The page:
Ok, I did post this to webCT but in order to have an archived copy, I am cross posting.


Driving Ms. Daisy into the technology age

One common theme that I found in these posts was the concept of incorporating new interactive media technology in education and learning via distance education. Each of these articles discusses a component or issue of online media. The first article discussed distance learning and the challenges of distance learning. The second article discussed evaluating online resources; the third discussed using the web to teach; and the fourth discussed e-training.

Although it would seem that by definition distance learning would rely heavily on computers and online teaching, it is not a requirement. Distance learning can be as simple as a packet of assignments, a stack of pencils, an envelope and a stamp. However, most distance education programs attempt to harness the interactivity of a classroom via technological tools, such as online chat, real time video, etc.

Certainly, the web can be an important part of distance education. Web and databases with web portals can be a very important part of providing virtual resources for the virtual student. As with any kind of media (print, audio, or electronic), judging the validity of the data is an issue. However, I think the transparency of electronic resources, especially web resources, may offer a unique challenge. However, as web standards increase and metadata becomes more common, this challenge may become less of an issue. It is not that judging the validity of a website is “harder” than judging the validity of the book, it is that it is still a new medium and students have to learn the criteria for evaluation.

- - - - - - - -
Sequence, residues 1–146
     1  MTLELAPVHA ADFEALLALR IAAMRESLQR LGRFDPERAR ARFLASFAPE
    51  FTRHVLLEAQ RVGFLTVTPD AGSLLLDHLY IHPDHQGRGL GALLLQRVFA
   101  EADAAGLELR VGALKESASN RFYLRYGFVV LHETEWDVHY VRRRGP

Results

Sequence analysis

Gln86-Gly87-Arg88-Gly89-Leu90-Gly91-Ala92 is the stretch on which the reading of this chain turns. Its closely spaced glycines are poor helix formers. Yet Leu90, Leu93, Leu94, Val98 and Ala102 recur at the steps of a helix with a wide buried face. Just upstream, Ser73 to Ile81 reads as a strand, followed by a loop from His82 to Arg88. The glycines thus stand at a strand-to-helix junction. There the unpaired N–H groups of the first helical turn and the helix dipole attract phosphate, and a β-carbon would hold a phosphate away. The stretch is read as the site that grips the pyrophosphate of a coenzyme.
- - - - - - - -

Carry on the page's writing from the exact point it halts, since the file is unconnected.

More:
Who teaches students in an online environment? E-trainers? Although anyone who works with students online in a teaching environment could be considered an E-trainer, E-training is a corporate model with a specific and defined end result. E-training does not seem to allow for much flexibility in terms of teaching or in developing critical thinking skills, which are very important in academic setting (either K-12 or higher education.)

Although all of these articles discussed aspects of online learning, none spent any significant amount of time on analysis of methods, results, etc. Is this shift in learning and teaching actually a social and cultural shift which has implications beyond education? It would seem that technology and the use of technology has such a great potential to change all aspects of societies that trying to define the impact on education is almost impossible.